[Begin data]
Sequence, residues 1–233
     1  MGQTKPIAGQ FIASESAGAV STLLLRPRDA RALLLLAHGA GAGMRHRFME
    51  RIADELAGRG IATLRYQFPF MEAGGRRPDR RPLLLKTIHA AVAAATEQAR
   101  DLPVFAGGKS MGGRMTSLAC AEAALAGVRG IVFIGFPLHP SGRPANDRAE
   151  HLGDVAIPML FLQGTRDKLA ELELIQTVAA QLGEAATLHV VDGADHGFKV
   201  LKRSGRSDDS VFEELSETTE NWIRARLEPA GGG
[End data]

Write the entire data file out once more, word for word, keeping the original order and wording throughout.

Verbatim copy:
Sequence, residues 1–233
     1  MGQTKPIAGQ FIASESAGAV STLLLRPRDA RALLLLAHGA GAGMRHRFME
    51  RIADELAGRG IATLRYQFPF MEAGGRRPDR RPLLLKTIHA AVAAATEQAR
   101  DLPVFAGGKS MGGRMTSLAC AEAALAGVRG IVFIGFPLHP SGRPANDRAE
   151  HLGDVAIPML FLQGTRDKLA ELELIQTVAA QLGEAATLHV VDGADHGFKV
   201  LKRSGRSDDS VFEELSETTE NWIRARLEPA GGG